Bed Occupancy Rates and Hospital-Acquired Clostridium difficile Infection: A Cohort Study.

Link to article at PubMed

Bed Occupancy Rates and Hospital-Acquired Clostridium difficile Infection: A Cohort Study.

Infect Control Hosp Epidemiol. 2013 Oct;34(10):1062-9

Authors: Ahyow LC, Lambert PC, Jenkins DR, Neal KR, Tobin M

Background. An emergent strain (ribotype 027) of Clostridium difficile infection (CDI) has been implicated in epidemics worldwide. Organizational factors such as bed occupancy have been associated with an increased incidence of CDI; however, the data are sparse, and the association has not been widely demonstrated. We investigated the association of bed occupancy and CDI within a large hospital organization in the United Kingdom. Objective. To establish whether bed occupancy rates are a significant risk factor for CDI in the general ward setting. Methods. A retrospective cohort study was carried out on data from 2006 to 2008. Univariate and multivariate Cox regression modeling was used to examine the strength and significance of the associations. Variables included patient characteristics, antibiotic policy exposure, case mix, and bed occupancy rates. Results. A total of 1,589 cases of hospital-acquired CDI were diagnosed (1.7% of admissions), with an overall infection rate of 2.16 per 1,000 patient-days. Median bed occupancy was 93.3% (interquartile range, 83.3%-100%) Univariate and multivariate analyses showed positive and statistically significant associations. In the adjusted model, patients on wards with occupancy rates of 80%-89.9% had rates of CDI that were 56% higher (hazard ratio, 1.56 [95% confidence interval, 1.18-2.04]; [Formula: see text]) compared with baseline (0%-69.9% occupancy). CDI rates were 55% higher for patients on wards with maximal bed occupancy (100%). Conclusions. There is strong evidence of an association between high bed occupancy and CDI. Without effective interventions at high levels of bed occupancy, the economic benefits sought from reducing bed numbers may be negated by the increased risk of CDI.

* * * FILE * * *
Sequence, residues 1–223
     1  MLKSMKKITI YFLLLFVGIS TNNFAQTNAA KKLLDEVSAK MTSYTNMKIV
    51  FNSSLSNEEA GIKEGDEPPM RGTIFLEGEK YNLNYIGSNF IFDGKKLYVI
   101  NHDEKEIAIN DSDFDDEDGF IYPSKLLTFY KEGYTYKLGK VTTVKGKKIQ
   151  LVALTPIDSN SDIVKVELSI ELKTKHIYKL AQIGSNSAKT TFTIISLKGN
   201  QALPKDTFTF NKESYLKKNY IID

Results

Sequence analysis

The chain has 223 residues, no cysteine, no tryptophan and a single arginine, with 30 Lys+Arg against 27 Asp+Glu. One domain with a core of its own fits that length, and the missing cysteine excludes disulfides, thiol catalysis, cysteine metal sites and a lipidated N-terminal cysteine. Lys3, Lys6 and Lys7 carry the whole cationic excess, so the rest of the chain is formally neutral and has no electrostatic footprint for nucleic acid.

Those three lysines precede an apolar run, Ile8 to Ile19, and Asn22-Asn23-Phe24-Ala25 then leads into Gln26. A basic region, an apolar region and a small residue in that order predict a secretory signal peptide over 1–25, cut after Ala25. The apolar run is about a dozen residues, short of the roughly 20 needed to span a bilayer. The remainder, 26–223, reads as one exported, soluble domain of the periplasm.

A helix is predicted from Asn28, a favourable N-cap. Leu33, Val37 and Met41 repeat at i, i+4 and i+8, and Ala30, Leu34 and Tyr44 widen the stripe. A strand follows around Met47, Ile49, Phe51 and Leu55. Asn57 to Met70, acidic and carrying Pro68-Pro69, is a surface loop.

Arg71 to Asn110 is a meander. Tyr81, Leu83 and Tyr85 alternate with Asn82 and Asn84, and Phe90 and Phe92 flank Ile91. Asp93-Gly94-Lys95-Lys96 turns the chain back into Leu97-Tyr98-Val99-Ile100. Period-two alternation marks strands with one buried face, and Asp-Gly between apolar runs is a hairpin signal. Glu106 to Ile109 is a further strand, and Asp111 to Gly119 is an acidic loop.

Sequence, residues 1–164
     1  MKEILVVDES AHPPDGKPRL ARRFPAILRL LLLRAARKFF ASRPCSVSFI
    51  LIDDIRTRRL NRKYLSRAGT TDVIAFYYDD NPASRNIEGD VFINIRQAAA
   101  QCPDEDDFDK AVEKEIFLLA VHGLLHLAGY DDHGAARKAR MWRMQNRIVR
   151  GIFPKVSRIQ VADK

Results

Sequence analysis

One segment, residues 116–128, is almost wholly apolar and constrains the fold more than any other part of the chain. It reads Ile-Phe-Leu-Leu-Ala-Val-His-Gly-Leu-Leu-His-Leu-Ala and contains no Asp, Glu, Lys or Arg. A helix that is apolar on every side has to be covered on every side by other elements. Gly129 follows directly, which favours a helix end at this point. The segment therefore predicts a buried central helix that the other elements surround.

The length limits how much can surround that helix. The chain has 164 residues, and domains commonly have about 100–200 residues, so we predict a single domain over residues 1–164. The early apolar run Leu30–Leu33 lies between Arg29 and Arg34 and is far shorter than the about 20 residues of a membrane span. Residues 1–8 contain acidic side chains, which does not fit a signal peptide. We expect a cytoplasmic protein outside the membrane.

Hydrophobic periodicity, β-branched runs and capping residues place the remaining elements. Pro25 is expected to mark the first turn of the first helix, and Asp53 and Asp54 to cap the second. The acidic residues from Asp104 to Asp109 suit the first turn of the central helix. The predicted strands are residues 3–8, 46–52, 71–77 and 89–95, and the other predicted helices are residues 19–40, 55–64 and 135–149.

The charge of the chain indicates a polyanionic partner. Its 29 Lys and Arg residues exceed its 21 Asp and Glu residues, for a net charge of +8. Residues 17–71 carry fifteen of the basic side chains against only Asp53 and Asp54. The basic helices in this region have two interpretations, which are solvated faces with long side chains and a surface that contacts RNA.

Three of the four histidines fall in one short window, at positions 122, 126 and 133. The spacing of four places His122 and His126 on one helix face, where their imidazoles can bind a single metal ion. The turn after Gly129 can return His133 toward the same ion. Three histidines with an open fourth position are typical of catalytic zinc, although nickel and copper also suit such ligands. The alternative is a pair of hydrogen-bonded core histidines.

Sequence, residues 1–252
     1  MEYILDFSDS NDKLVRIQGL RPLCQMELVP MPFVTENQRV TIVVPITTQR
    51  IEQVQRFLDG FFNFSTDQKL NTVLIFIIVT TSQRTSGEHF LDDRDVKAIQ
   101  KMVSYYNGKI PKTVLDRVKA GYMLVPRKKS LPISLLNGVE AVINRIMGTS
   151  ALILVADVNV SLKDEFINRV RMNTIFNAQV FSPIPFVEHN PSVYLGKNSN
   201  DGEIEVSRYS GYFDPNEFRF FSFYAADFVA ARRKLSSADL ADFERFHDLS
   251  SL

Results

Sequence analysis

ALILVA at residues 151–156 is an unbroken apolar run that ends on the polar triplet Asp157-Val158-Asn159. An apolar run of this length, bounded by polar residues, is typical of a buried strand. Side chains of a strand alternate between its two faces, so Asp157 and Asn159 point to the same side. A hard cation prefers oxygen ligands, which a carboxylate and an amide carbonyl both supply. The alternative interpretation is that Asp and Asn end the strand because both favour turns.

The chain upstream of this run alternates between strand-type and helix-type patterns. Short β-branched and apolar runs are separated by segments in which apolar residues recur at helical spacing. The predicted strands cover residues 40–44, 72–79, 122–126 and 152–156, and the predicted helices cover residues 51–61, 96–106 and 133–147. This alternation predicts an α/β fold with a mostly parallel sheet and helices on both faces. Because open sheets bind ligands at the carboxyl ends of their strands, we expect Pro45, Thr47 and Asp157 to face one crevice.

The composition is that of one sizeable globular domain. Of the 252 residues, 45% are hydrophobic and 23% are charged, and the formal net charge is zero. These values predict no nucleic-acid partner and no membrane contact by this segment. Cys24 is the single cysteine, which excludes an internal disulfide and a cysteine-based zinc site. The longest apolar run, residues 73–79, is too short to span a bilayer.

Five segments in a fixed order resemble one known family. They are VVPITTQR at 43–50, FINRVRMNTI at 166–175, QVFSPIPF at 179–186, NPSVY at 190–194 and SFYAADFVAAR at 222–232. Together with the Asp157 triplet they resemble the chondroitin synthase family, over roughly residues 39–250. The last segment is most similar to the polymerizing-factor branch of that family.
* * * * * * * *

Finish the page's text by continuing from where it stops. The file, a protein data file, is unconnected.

PMID: 24018923 [PubMed - in process]

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